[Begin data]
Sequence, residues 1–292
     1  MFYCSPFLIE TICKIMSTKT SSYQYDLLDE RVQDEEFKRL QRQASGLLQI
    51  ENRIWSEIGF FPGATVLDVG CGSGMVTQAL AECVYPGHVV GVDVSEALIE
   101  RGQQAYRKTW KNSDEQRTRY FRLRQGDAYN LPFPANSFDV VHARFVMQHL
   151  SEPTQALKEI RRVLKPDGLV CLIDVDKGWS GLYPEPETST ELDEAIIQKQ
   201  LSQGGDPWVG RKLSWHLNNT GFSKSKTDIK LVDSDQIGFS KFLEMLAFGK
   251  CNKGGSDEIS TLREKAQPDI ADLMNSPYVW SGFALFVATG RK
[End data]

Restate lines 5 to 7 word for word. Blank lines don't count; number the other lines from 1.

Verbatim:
   151  SEPTQALKEI RRVLKPDGLV CLIDVDKGWS GLYPEPETST ELDEAIIQKQ
   201  LSQGGDPWVG RKLSWHLNNT GFSKSKTDIK LVDSDQIGFS KFLEMLAFGK
   251  CNKGGSDEIS TLREKAQPDI ADLMNSPYVW SGFALFVATG RK